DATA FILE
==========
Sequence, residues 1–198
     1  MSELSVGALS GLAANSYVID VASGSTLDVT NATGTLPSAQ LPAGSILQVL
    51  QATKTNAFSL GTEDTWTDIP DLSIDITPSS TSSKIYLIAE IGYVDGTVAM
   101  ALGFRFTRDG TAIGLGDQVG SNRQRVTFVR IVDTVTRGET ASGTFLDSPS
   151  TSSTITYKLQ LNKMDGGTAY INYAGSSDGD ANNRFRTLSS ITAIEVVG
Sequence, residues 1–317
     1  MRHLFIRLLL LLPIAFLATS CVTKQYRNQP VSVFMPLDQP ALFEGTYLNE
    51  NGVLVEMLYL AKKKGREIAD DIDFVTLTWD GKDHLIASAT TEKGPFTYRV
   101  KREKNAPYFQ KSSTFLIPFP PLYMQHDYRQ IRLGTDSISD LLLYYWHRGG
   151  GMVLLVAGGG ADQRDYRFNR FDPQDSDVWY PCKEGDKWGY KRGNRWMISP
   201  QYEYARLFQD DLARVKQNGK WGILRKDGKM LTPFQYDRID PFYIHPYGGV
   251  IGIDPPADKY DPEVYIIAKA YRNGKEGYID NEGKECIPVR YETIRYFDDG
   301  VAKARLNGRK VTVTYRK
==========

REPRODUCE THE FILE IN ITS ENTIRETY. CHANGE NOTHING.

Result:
Sequence, residues 1–198
     1  MSELSVGALS GLAANSYVID VASGSTLDVT NATGTLPSAQ LPAGSILQVL
    51  QATKTNAFSL GTEDTWTDIP DLSIDITPSS TSSKIYLIAE IGYVDGTVAM
   101  ALGFRFTRDG TAIGLGDQVG SNRQRVTFVR IVDTVTRGET ASGTFLDSPS
   151  TSSTITYKLQ LNKMDGGTAY INYAGSSDGD ANNRFRTLSS ITAIEVVG
Sequence, residues 1–317
     1  MRHLFIRLLL LLPIAFLATS CVTKQYRNQP VSVFMPLDQP ALFEGTYLNE
    51  NGVLVEMLYL AKKKGREIAD DIDFVTLTWD GKDHLIASAT TEKGPFTYRV
   101  KREKNAPYFQ KSSTFLIPFP PLYMQHDYRQ IRLGTDSISD LLLYYWHRGG
   151  GMVLLVAGGG ADQRDYRFNR FDPQDSDVWY PCKEGDKWGY KRGNRWMISP
   201  QYEYARLFQD DLARVKQNGK WGILRKDGKM LTPFQYDRID PFYIHPYGGV
   251  IGIDPPADKY DPEVYIIAKA YRNGKEGYID NEGKECIPVR YETIRYFDDG
   301  VAKARLNGRK VTVTYRK